Custom Search
More than 8,000 searchable pages indexed.

Your RF Cafe
Progenitor & Webmaster

Click here to read about RF CafeView the YouTube RF Cafe Intro VideoKirt Blattenberger ... single-handedly redefining what an engineering website should be.

Carpe Diem!
(Seize the Day!)

5th MOB:
My USAF radar shop

Airplanes and Rockets:
My personal hobby website

Equine Kingdom:
My daughter Sally's horse riding website

•−•  ••−•    −•−•  •−  ••−•  •
RF Cafe Morse Code >Hear It<

Job Board

About RF Cafe™


I am not embarrassed to ask - RF Cafe Forums

Because of the high maintenance needed to monitor and filter spammers from the RF Cafe Forums, I decided that it would be best to just archive the pages to make all the good information posted in the past available for review. It is unfortunate that the scumbags of the world ruin an otherwise useful venue for people wanting to exchanged useful ideas and views. It seems that the more formal social media like Facebook pretty much dominate this kind of venue anymore anyway, so if you would like to post something on RF Cafe's Facebook page, please do.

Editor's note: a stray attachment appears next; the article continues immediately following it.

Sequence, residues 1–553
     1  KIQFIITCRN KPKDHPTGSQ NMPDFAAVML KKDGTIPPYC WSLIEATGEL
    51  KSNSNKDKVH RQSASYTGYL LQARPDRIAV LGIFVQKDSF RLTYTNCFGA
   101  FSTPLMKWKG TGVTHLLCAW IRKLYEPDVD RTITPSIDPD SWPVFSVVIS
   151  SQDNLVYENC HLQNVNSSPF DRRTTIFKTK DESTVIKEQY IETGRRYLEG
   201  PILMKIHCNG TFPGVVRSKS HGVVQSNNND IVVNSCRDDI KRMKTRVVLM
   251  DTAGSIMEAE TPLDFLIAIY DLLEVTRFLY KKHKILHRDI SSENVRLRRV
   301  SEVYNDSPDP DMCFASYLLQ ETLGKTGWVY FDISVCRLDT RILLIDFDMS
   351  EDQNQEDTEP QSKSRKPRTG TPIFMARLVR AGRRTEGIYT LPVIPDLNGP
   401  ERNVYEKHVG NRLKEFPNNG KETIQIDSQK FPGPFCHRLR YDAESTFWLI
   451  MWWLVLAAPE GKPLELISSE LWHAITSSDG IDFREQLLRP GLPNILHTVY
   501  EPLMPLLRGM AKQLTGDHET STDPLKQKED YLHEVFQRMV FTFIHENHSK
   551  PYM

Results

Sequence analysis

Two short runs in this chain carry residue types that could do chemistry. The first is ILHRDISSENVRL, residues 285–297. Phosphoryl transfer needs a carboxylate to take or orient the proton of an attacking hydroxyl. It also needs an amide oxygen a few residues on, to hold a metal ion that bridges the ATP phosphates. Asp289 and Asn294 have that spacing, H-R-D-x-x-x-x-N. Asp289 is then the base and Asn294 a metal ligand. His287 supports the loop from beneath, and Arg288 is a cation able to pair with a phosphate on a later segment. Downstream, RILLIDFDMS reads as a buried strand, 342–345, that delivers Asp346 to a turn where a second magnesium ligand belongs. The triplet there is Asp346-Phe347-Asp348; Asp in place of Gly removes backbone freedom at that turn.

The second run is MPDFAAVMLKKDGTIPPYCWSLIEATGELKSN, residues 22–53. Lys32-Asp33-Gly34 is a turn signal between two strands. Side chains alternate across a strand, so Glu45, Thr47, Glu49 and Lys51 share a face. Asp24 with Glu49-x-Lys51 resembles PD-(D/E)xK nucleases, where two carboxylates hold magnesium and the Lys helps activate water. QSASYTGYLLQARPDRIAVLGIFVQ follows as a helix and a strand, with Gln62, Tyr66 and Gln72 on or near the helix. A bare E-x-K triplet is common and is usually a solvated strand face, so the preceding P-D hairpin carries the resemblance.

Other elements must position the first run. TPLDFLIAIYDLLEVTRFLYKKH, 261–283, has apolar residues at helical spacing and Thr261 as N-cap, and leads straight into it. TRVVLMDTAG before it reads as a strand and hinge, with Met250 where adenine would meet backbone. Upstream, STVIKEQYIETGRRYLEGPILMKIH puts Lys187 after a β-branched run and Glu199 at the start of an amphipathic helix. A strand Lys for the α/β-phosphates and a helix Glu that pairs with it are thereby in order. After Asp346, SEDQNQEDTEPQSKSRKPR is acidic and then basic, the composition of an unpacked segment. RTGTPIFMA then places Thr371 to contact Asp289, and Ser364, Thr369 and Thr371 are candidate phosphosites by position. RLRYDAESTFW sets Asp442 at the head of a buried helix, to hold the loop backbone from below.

Below are all of the forum threads, including all the responses to the original posts.

-- Amateur Radio
-- Anecdotes, Gripes & Humor
-- Antennas
-- CAE, CAD, & Software
-- Circuits & Components
-- Employment & Interviews
-- Miscellany
-- Swap Shop
-- Systems
-- Test & Measurement
-- Webmaster

 Post subject: I am not embarrassed to ask
Posted: Sat Mar 17, 2007 5:22 pm 
User avatar

Joined: Tue Dec 26, 2006 5:39 pm
Posts: 21
What is a "book to bill ratio" .

I have been reading about how it is going up or down for decades, but I have never found anyone that knows what it is !

 Post subject:
Posted: Mon Mar 19, 2007 12:39 pm 
User avatar

Joined: Wed Aug 20, 2003 11:47 am
Posts: 84
Location: Santa Barbara, CA
I believe it refers to the fact that most equipment manufacturers don't bill until after the equipment has shipped (30 day net). The book (entering orders into the books) to bill ratio looks at the how the sales are coming in vs. the orders going out the door. You would want that book to bill ratio to always be slightly greater than 1.0, I would think. A massive increase of book to bill would suggest that production capacity needs to be increased. A drastic decrease of book to bill indicates that your resume needs to be up to date. :lol:

Posted  11/12/2012